Ned Tanen, an executive at Universal Pictures, agreed to give Hellman $850,000 to make the film and with full creative control including final cut. This was unheard of for a major studio, and it would come back to bite them.

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Casting was the next issue. Warren Oates, who Hellman had worked with on his 1966 film “The Shooting”, was an easy choice for GTO.

Laurie Bird was a 16-year-old hippie girl and aspiring model that Rudy Wurlitzer had been hanging out with for “research” purposes, and he suggested her to Hellman. She had no previous acting experience.

For the part of The Driver, lots of young Hollywood stars were tested, but none were deemed suitable. Driving home one day he spotted a large billboard promoting James Taylor’s first album, and said to his assistant, “That’s the kind of guy we’re looking for.”

And somehow Taylor was talked into it. Beach Boy Dennis Wilson was the last to be hired, just five days before they started shooting.

So of the four leads, only Oates had ever been in a film before.

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Wilson, Bird and Taylor
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In other unconventional decisions, there was no make-up used on the actors, and for The Driver, The Mechanic and The Girl, they were just taken to a large charity shop and told to pick out their wardrobe. In a total break from normal practice, the film was also going to be shot in sequence, and on the actual roads across America. And the actors were never given the full script, just handed the next day’s scenes every evening.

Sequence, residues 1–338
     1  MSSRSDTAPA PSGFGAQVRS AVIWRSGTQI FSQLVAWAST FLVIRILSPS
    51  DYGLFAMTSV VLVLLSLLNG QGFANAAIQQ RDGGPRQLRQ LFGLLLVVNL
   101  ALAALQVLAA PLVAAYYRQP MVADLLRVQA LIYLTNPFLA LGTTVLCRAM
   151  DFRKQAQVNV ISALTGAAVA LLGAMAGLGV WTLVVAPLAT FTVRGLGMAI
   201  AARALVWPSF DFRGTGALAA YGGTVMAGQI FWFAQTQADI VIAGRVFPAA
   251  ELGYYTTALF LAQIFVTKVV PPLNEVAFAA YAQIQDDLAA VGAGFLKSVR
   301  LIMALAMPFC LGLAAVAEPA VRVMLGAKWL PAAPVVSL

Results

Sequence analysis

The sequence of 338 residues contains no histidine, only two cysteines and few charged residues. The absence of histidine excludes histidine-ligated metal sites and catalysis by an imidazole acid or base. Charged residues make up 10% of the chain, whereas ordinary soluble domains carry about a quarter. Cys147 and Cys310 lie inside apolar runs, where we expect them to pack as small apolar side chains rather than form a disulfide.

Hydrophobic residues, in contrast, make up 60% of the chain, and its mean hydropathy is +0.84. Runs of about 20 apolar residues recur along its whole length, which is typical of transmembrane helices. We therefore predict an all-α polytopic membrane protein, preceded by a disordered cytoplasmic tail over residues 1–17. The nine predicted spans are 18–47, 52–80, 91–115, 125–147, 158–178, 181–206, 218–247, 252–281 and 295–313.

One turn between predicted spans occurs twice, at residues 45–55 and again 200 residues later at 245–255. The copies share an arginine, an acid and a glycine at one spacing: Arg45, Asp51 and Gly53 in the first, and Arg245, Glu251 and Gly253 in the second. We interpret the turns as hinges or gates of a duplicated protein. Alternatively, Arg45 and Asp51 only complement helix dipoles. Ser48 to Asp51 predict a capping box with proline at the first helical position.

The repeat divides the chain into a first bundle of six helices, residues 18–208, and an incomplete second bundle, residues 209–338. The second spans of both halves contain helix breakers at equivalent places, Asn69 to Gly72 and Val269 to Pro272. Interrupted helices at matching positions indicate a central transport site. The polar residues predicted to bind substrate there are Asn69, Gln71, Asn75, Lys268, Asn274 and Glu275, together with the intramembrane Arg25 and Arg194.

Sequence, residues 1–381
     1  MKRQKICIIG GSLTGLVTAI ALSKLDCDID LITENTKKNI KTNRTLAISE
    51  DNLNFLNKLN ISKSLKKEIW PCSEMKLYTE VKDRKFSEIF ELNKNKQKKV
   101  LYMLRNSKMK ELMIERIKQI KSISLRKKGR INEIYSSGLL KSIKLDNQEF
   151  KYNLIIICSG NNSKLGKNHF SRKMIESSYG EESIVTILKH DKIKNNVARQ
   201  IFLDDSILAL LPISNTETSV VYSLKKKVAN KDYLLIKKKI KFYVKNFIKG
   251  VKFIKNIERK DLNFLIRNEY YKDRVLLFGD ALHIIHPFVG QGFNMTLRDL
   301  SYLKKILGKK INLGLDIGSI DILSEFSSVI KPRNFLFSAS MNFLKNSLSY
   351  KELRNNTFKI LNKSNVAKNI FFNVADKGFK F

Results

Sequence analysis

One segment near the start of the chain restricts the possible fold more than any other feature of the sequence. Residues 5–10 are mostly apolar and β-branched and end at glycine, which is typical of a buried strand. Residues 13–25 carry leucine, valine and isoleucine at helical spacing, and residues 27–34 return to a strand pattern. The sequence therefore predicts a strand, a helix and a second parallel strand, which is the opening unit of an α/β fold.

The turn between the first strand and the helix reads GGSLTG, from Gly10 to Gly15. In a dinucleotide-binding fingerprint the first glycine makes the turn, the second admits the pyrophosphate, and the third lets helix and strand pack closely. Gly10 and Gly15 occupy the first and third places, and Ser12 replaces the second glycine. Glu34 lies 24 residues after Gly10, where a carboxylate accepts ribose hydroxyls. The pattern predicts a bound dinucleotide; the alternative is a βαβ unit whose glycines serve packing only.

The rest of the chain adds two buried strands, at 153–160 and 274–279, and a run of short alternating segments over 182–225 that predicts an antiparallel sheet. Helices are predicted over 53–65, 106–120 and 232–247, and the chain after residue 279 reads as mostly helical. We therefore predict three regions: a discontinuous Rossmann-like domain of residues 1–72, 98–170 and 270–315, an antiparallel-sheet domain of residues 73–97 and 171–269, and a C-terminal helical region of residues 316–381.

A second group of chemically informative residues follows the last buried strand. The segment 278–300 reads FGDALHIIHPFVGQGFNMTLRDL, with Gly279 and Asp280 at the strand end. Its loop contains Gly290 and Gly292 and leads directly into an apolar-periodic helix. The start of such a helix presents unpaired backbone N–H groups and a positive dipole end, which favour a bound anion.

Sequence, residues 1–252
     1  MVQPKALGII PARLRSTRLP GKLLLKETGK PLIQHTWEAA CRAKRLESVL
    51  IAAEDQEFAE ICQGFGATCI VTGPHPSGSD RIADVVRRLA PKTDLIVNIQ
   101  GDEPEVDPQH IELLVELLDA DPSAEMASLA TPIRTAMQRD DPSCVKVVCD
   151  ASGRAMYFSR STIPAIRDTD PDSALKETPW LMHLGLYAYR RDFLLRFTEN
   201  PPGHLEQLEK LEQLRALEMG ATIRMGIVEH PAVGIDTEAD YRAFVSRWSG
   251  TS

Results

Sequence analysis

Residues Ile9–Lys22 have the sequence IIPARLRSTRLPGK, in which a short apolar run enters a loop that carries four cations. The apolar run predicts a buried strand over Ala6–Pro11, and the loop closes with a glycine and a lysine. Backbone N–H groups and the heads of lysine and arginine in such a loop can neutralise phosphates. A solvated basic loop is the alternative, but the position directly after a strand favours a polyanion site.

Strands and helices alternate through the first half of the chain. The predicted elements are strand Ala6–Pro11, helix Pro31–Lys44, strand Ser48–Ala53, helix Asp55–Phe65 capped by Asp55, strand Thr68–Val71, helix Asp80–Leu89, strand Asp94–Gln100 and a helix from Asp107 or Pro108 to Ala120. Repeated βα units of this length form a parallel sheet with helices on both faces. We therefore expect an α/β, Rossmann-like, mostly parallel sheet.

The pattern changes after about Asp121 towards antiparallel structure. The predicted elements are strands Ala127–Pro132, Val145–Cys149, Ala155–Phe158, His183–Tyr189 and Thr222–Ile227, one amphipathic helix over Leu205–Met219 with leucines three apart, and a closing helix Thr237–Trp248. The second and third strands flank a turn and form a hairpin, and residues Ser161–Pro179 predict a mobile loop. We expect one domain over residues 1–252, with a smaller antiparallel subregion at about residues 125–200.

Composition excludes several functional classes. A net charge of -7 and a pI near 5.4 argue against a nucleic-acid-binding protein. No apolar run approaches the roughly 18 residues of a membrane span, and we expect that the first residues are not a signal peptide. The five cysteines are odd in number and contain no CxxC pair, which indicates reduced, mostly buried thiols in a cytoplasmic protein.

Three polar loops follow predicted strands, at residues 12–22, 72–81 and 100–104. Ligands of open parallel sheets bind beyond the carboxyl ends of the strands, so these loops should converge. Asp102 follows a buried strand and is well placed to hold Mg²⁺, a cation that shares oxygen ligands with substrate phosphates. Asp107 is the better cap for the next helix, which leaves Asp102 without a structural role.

Three almost identical 1955 Chevrolets were specially built by racing engineer Richard Ruth. Two were constructed as full-on drag racing cars, with 454 Chevrolet engines (7.4 litres). One was for exterior scenes and racing, but was too noisy for filming inside. The second had added soundproofing, and some mounts welded underneath for camera platforms.

The third car had a slightly smaller 427 (7 litre) engine, and was built for a crash scene that in the end was never filmed. Two bright yellow Pontiac GTOs were sourced from General Motors.

Filming started in Los Angeles on 13th of August 1970 and lasted for eight weeks, the whole cast and crew and a transporter with the five cars, making their way across the country, to finish in Tennessee. James Taylor was at the time in a relationship with Joni Mitchell, and she also joined the caravan from time to time.